Women’s History Month: Hidden Heroines

The acclaimed book and movie Hidden Figures brought to light the stories of the African American women whose mathematical skills were crucial to the success of the early space program.  In honor of Women’s History Month,  our current display by the New Books section features additional books highlighting women’s overlooked contributions to science, sports and the arts.

Rise of the Rocket GirlsRise of the Rocket Girls: The Women Who Propelled Us, from Missiles to the Moon to Mars by Nathalia Holt

Prior to the women of ‘Hidden Figures‘, the ‘Rocket Girls’ worked behind the scenes of California’s Jet Propulsion Laboratory.  Performing complex calculations with only paper, pencils and slide rules, they “transformed rocket design and enabled the creation of the first American satellites.”  (And pioneered the wearing of pant suits!)




The Glass Universe by Dava SobelThe Glass Universe: How the Ladies of the Harvard Observatory Took the Measure of the Stars by Dava Sobel

Like the women of the space program, these nineteenth century workers at the Harvard Observatory were referred to as “computers.”   Hired to interpret the findings of the (male) astronomers, they included Williamina Fleming, “a Scottish woman originally hired as a maid who went on to identify ten novae and more than three hundred variable stars.”  Their work revolutionized the field of astronomy.




Identity Unknown: Rediscovering Seven American Women Artists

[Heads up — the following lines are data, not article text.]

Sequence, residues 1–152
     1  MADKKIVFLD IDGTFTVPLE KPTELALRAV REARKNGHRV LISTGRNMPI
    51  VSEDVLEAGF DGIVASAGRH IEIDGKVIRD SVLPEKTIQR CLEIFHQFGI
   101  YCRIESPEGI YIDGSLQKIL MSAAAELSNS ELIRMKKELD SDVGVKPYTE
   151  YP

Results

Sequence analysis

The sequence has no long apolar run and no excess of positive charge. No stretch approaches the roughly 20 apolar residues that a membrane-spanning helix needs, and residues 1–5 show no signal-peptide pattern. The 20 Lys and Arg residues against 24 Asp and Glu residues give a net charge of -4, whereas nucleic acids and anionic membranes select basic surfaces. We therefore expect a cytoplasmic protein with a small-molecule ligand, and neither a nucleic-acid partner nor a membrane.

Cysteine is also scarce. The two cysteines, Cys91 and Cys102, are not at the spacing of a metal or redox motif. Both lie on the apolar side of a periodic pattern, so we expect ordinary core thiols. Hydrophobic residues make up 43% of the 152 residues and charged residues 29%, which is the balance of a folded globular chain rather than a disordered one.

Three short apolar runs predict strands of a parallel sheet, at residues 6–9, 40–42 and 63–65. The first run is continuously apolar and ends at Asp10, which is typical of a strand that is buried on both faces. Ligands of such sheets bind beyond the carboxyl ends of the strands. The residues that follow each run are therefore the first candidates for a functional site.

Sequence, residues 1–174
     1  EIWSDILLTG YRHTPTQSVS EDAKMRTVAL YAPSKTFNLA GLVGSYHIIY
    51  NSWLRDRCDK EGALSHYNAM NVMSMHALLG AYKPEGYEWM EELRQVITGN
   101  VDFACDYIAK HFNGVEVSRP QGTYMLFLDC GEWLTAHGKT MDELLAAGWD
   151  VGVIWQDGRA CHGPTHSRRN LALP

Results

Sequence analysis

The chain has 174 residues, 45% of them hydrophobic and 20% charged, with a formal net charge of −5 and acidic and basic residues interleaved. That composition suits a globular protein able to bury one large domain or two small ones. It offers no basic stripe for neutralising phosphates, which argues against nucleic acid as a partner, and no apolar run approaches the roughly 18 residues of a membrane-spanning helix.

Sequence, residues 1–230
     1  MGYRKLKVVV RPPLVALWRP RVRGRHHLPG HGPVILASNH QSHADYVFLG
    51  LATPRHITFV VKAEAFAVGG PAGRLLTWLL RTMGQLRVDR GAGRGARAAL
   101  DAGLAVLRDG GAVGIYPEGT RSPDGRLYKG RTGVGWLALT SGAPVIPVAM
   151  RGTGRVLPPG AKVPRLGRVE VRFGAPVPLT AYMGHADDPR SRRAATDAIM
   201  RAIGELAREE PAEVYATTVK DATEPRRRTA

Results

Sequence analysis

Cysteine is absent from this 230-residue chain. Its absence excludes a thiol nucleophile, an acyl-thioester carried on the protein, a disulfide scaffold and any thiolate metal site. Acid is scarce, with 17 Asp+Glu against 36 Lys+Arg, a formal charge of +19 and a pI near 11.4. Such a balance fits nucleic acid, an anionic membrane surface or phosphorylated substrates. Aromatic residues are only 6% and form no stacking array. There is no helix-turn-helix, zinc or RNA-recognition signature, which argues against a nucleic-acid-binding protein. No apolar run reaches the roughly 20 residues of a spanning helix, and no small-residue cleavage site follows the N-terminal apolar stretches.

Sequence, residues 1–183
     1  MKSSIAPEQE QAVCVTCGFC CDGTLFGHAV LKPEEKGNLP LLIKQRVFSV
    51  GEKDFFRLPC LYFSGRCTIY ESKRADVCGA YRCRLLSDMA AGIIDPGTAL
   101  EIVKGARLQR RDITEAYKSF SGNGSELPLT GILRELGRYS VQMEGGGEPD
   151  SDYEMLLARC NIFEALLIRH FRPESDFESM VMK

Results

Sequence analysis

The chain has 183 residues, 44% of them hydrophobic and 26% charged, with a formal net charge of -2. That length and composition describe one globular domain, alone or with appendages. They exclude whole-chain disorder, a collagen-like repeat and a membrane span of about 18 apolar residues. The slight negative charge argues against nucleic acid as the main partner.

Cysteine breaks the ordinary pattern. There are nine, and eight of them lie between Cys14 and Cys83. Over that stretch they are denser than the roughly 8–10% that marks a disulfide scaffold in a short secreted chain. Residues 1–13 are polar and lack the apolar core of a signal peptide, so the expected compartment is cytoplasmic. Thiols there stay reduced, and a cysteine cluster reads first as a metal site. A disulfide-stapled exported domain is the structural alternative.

Identity Unknown: Rediscovering Seven American Women Artists by Donna Seaman

Seaman reveals the lives and work of unsung women artists, such as Joan Brown, who specialized in self-portraiture; Gertrude Abercrombie, who produced surrealist paintings; and Lois Mailou Jones, a member of the Harlem Renaissance.  Identity Unknown “speaks to all women about their neglected place in history and the challenges they face to be taken as seriously as men no matter what their chosen field”

"Family Portrait" by Joan Brown
“Family Portrait” by Joan Brown






Game Changers: The Unsung Heroines of Sports HistoryGame Changers: The Unsung Heroines of Sports History  by Molly Schiot

Initially an Instagram accountGame Changers brings you the faces and stories of women who overcame pre-Title IX barriers to find fulfillment in sports of all kinds.   These “founding mothers” receive the “attention and recognition they deserve, featuring rare and never-before-seen photos and stores, along with new conversations between the next generation of heroines.”


Betty Robinson
Betty Robinson was the first woman to win a gold medal in track and field (at age 16) for the 100 yard dash – she also loved baseball!









Quoted text provided by publishers.